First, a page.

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Liturgy for the winter season

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Geraldine Martin |  08 July 2015

Winter is a time of slowing down, wearing coats and boots, warming up near the fire, and sharing hot soup with friends. It is also a time that we think of those in need. The season of winter in Australia always reminds us of the Vinnies ‘Winter Sleep-Out’  collecting of warm clothes, blankets and tins of food for those less fortunate than ourselves. The following liturgy is meant to be held during your school’s or parish's Vinnies Winter Appeal or other charity collection to help those in need.


You could hold this liturgy in a warm and cosy place indoors or be well-wrapped up outdoors. If you are able to hold this in an evening you could use subdued lighting or candles. You could also use lanterns or torches to read by. If you are camping, you could all gather around a fire, where this is safe to do so. 

Before the liturgy is to be held it would be good to get someone to talk about the Vinnies Winter Appeal at an Assembly asking students to make donations of warm clothing and staple foods which could be given to St Vincent de Paul to distribute to those less fortunate and to those who may be living on the streets. 

For the liturgy decorate a table with some winter fruits and nuts – this speaks of fruitfulness even in the midst of barrenness. Three unlighted candles. A Bible open to the story of the Good Samaritan in Luke’s Gospel (Ch 10 :25-37).

Reader: We have come together today to remind ourselves that there are many people out there who need our help especially during this season of winter.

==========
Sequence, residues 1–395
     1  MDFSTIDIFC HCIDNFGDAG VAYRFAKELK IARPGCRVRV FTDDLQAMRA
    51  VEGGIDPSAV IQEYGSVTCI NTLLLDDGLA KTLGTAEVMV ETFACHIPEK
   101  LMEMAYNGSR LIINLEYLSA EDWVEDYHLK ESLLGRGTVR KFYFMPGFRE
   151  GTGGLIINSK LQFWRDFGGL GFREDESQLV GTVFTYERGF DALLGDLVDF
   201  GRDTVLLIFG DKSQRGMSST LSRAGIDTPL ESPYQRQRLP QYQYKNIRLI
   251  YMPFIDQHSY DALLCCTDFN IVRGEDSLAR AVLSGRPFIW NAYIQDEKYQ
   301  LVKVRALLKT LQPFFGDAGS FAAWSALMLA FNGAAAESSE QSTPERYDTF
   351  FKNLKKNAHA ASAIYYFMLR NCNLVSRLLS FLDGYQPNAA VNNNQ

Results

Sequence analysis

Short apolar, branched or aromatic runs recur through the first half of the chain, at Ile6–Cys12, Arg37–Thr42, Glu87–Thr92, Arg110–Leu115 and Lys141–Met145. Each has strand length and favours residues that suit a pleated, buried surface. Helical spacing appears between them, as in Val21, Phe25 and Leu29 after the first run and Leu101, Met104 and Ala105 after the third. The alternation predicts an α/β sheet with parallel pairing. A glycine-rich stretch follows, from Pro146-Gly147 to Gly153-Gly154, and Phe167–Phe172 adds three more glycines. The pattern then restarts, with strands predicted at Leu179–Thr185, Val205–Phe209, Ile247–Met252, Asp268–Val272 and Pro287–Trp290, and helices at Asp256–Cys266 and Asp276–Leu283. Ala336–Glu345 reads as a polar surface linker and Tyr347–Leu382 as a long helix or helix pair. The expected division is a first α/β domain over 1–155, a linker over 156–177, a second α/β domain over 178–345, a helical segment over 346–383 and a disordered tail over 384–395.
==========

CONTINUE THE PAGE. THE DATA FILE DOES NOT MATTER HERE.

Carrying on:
When the winter is cold and the winds are icy
I’m reminded of the harshness of life
of the pain and suffering, the hardness of heart
That causes much heartache and strife.

Today we pray for people in trouble.
We hold them before you Lord.
Be their light, their strength, their comfort and hope
Let their faith in life be renewed and restored.

Then the winter of life will give way to spring,
To new life, new joy and new way of living
We pray to you knowing that you heed our prayer.
We believe in your presence Lord and we know that you care.


Reader: A reading from the Gospel of Luke (Luke 10:25-37).

Just then a lawyer stood up to test Jesus. ‘Teacher,’ he said ‘what must I do to inherit eternal life?' He said to him, 'What is written in the law? What do you read there?' He answered, ‘You shall love the Lord your God with all your heart and with all your soul, and with all your strength, and with all your mind;  and our neighbour as yourself.' And he said to him, ‘You have given the right answer; do this, and you will live.’ 

But wanting to justify himself, he asked Jesus, ‘And who is my neighbour?'

Jesus replied, 'A man was going down from Jerusalem to Jericho, and fell into the hands of robbers, who striped him, beat him, and went away, leaving him half dead. Now by chance a priest was going down that road; and when he saw him, he passed by on the other side. So likewise a Levite, when he came to the place and saw him, passed by on the other side. But a Samaritan while traveling came near him; and when he saw him he was moved with pity. He went to him and bandaged his wounds, having poured oil and wine on them. Then he put him on his own animal, brought him to an inn, and took care of him. The next day he took out two denarii, gave them to the innkeeper and said, ‘Take care of him; and when I come back, I will repay you whatever more you spend.’ Which of these three, do you think, was a neighbour to the man who fell into the hands of the robbers?’ He said, ‘The one who showed him mercy.” Jesus said to him, ‘Go and do likewise.’